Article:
Kids With Cold Infection Make Adults With Lung Disease Sicker
September 27, 2012

Exposure To Kids With Colds Makes Sick Adults Even Sicker

Connie K. Ho for — Your Universe Online

A study from the University of Rochester Medical Center recently revealed that individuals with illnesses like lung disease recuperate better when kept away from young children with colds. Patients who are exposed to young children with stuffy noses have a greater risk of developing symptoms like cough, runny nose, or sore throat.

The recommendation to steer clear of sick children was recently published in the Journal of Clinical Virology.

The scientists culled evidence from a databank of 1,000 samples of nasal and sputum secretions from individuals who suffer from chronic obstructive pulmonary disease (COPD). A total of 127 individuals who had emphysema were part of the study. Researchers evaluated these people six different times over a one-year period.

“Before we conducted this study, I would have expected other factors, perhaps the severity of underlying disease — the state of the patient´s general health — to indicate who would actually suffer symptoms from their colds,” explained Dr. Ann Falsey, a professor of medicine at the University of Rochester as well as an expert on infectious diseases at Rochester General Hospital, in a prepared statement.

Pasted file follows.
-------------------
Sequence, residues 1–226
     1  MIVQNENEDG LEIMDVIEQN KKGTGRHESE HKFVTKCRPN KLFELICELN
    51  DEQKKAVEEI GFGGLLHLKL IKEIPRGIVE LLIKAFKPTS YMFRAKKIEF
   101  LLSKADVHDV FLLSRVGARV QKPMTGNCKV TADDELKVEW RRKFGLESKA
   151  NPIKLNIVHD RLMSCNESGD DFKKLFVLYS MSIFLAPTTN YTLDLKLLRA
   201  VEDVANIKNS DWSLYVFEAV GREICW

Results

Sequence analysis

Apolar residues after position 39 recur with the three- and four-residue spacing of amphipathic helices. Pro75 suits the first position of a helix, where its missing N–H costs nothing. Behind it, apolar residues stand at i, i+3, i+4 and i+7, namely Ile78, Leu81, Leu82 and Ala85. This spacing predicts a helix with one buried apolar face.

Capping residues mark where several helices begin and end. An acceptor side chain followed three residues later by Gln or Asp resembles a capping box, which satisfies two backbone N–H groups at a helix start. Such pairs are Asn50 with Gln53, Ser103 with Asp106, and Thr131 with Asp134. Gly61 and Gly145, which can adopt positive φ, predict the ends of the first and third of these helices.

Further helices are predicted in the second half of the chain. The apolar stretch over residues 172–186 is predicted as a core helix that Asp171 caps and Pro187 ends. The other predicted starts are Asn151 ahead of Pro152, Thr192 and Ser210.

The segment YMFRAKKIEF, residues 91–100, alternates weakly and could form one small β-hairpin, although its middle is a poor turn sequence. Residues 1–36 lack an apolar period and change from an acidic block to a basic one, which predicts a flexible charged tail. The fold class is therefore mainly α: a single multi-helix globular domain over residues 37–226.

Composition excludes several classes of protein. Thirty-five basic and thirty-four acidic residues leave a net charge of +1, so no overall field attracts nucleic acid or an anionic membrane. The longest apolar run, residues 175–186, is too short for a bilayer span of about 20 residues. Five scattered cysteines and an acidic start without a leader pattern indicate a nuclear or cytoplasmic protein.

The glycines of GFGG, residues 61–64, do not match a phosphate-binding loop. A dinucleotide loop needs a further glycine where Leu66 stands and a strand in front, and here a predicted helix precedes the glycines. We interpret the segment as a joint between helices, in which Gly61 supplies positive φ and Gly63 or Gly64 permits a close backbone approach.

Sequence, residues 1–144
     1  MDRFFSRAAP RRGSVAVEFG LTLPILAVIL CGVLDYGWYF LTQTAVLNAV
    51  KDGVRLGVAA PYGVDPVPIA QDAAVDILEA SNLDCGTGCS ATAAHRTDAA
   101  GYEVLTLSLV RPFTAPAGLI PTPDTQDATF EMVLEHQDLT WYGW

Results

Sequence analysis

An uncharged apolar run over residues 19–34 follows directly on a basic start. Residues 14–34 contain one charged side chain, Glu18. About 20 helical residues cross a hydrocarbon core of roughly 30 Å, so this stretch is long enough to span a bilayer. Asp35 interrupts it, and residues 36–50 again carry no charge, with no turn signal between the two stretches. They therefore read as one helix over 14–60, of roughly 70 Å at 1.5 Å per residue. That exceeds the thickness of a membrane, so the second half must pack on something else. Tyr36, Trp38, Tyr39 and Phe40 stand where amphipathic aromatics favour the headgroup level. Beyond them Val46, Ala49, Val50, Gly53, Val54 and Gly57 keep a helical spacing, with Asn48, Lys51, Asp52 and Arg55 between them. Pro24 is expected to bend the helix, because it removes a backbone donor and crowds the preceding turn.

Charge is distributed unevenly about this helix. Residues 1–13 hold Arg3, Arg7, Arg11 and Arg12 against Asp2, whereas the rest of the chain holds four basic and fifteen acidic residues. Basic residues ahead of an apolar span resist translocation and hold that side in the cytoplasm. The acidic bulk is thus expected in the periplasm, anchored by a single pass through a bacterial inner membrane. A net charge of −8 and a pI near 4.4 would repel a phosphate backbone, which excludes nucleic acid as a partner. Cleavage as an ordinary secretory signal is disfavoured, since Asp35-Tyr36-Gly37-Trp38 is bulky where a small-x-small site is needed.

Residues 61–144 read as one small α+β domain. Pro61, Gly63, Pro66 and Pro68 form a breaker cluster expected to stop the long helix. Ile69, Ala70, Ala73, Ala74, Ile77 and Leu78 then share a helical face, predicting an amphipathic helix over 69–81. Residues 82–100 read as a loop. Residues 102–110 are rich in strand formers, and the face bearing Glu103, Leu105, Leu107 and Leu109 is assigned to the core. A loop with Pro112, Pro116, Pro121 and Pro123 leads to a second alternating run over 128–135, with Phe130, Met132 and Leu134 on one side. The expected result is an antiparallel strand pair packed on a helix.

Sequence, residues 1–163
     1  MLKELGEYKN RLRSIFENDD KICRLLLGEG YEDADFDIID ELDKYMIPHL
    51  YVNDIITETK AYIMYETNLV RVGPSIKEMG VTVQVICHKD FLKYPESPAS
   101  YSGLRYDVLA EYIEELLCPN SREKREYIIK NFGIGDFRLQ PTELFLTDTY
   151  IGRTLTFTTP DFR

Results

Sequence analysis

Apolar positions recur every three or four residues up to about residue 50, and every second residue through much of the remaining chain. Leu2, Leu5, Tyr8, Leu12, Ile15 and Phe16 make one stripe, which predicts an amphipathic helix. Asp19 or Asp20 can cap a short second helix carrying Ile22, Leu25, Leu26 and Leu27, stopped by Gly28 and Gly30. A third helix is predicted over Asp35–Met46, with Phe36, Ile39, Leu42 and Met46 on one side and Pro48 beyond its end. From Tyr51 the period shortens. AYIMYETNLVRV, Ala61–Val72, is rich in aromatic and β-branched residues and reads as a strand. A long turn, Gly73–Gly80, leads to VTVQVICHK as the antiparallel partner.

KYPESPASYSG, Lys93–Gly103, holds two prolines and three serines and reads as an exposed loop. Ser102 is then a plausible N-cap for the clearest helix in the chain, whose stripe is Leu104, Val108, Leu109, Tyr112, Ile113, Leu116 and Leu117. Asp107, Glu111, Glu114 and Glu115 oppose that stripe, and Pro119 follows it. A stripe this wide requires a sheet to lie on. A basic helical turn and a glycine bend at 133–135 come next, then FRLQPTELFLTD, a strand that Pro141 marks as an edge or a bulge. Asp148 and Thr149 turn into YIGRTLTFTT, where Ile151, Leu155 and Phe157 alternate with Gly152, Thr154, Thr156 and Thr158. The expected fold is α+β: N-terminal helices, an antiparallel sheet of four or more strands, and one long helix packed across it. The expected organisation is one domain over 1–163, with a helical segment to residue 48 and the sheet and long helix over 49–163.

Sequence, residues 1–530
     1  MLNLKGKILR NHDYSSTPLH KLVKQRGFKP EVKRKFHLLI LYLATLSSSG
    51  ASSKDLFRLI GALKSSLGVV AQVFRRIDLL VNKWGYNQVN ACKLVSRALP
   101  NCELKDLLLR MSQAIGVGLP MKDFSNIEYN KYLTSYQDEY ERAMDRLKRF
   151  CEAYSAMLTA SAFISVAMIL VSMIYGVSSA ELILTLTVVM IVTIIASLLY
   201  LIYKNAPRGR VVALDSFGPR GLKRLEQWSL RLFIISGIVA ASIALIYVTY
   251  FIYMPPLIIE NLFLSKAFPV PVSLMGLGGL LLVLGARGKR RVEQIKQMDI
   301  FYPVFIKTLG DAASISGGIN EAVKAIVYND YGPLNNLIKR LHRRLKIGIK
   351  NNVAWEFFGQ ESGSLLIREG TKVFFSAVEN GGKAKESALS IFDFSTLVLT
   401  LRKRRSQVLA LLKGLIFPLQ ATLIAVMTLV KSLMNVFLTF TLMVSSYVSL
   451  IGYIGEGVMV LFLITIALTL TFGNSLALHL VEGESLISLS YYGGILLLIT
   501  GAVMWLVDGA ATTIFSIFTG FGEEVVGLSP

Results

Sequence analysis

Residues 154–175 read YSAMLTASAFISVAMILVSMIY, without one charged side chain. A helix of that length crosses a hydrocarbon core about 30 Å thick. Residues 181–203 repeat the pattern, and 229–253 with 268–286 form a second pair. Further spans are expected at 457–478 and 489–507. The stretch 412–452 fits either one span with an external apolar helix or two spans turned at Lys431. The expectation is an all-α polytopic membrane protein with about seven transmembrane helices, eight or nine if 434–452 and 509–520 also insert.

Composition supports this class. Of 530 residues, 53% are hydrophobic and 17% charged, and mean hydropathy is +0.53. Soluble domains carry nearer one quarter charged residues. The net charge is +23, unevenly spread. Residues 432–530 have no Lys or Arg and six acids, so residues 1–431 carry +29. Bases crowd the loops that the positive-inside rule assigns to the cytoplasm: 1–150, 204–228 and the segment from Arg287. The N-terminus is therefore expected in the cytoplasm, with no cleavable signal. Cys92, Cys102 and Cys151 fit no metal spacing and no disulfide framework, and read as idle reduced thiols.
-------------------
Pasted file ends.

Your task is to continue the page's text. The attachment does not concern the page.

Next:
“Instead, contact with school-age children is the only risk factor we found, and it increases both the risk of infection and also the risk of suffering symptoms once you´ve caught a cold.”

Past studies have also examined the affects of children with colds on those around them. The findings from the new study highlight how the course of infection is worse for those who are exposed to kids with colds. Roughly one-third of individuals may not even be aware that they have been infected with a rhinovirus, a bug that is linked to the cold but doesn´t necessarily display any symptoms.

Researchers believe that colds may be more difficult for kids to shake because they have a weaker immune system that hasn´t had as much time as an adult´s to build defense mechanisms against the various forms of rhinovirus. Children´s colds, therefore, tend to be more difficult to manage, often resulting in nasal secretions and other symptoms.

“We know that kids shed more virus longer when they get a cold,” noted Falsey in the statement. “It may be that your chance of developing cold symptoms is related to the amount of virus you´re exposed to, and if you´re around small children, you´re exposed to more virus. The idea makes sense, but it´s speculation at this point.”

The scientists offered a number of recommendations for people to decrease their risk during exposure to a child with a cold. They believe that it is important to remember to practice good hygiene, such as washing hands and covering the mouth when coughing. It´s also a good idea to limit touching of the eyes and the nose.

“We all know that children are efficient germ-spreading vectors,” continued Falsey in the statement, “and we know that young children oftentimes don´t have ideal hygiene habits. It´s not unusual for them to accidentally sneeze in your face, for instance. If you have a grandchild who is sick, it may simply be smart to plan a visit for another day.”